FOR IMMEDIATE RELEASE
July 27, 2012
COLUMBIA, S.C.- A Charleston County woman has been identified as the first person to test positive for West Nile Virus in South Carolina this year, the state Department of Health and Environmental Control announced today.
"This woman was identified as positive for the virus after donating blood," said Linda Bell, M.D., Interim State Epidemiologist. "All donated blood is routinely screened for WNV to ensure the safety of our blood supply. Fortunately, she is recovering from her illness."
Dr. Bell said that WNV is a disease of birds transmitted to humans and animals through the bite of an infected mosquito. Mosquitoes become infected after feeding on infected birds. People bitten by an infected mosquito may become ill within 2 to 14 days with flu-like symptoms, including fever, headache, joint pain, muscle pain, and occasionally nausea and vomiting. Often they experience sensitivity to light and inflammation of the eyelids. Some may have a rash.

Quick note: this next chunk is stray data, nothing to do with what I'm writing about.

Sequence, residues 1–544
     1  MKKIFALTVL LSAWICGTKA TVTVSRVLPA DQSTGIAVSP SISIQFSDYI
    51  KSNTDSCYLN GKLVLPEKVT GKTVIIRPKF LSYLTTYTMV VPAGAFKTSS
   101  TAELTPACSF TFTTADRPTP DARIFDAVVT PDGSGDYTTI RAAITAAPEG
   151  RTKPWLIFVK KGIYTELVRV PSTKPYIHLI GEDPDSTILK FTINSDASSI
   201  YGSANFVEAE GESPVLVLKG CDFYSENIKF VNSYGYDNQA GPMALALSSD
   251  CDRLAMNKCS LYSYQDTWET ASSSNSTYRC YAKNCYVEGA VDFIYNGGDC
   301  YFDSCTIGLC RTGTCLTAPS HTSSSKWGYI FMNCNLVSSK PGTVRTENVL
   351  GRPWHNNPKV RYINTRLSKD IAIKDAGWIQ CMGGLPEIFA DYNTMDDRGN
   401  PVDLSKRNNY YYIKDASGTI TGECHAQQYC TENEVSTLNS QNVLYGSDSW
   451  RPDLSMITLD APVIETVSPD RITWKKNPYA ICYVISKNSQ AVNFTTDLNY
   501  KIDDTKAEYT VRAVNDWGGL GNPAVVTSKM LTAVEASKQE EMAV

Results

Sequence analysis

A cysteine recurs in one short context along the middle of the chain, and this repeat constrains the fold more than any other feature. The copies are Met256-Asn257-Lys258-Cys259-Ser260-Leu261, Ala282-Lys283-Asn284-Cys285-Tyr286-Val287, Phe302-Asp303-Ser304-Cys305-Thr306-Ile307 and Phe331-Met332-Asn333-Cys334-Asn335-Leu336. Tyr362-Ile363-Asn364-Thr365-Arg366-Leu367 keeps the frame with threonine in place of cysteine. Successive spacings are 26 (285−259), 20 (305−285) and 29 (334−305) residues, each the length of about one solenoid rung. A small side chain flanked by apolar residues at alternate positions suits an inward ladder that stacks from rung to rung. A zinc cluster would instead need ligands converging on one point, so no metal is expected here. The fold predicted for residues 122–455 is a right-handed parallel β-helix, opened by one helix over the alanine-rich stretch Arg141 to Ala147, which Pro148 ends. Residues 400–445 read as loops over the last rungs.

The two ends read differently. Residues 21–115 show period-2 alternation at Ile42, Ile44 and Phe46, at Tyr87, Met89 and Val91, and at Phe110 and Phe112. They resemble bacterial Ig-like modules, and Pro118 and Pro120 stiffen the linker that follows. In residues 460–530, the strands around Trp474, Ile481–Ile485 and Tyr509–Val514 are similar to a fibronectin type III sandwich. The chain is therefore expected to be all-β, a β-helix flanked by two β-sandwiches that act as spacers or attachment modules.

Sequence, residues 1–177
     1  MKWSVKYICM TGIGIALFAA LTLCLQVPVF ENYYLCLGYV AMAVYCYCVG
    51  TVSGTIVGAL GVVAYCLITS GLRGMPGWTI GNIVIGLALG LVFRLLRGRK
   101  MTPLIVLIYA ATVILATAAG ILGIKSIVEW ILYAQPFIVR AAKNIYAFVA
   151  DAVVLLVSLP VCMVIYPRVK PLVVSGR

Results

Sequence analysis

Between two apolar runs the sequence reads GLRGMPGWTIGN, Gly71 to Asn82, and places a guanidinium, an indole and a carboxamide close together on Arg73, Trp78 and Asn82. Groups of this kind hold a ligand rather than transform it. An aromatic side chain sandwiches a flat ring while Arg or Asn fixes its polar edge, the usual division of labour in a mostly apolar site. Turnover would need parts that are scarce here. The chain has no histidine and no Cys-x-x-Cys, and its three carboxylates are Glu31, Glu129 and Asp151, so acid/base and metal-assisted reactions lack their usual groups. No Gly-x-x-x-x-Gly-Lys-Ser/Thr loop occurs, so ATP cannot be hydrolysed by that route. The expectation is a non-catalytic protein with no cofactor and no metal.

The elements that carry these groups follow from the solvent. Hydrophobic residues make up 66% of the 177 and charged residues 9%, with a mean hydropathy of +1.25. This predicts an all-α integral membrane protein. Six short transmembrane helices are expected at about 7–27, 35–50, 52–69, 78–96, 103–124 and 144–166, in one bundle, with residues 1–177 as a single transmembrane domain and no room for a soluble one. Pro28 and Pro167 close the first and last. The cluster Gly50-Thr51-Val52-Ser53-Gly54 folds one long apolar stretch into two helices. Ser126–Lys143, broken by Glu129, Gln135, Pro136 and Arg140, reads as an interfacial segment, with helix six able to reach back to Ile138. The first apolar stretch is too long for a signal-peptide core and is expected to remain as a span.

"The most important step anyone can take to prevent West Nile virus infection is to protect against being bitten by a mosquito," said Dr. Bell. "The risk of serious illness is low. Less than one percent of people infected develop a potentially fatal swelling of the brain, known as encephalitis."
So far this year in South Carolina, in addition to the person from Charleston County, WNV has been detected in one dead crow, one horse, and one mosquito pool.
DHEC recommends citizens pay attention to the "four Ds" as the most effective ways to prevent WNV:
For more information about WNV, visit DHEC's West Nile Virus webpage and http://www.cdc.gov/ncidod/dvbid/westnile/index.htm.
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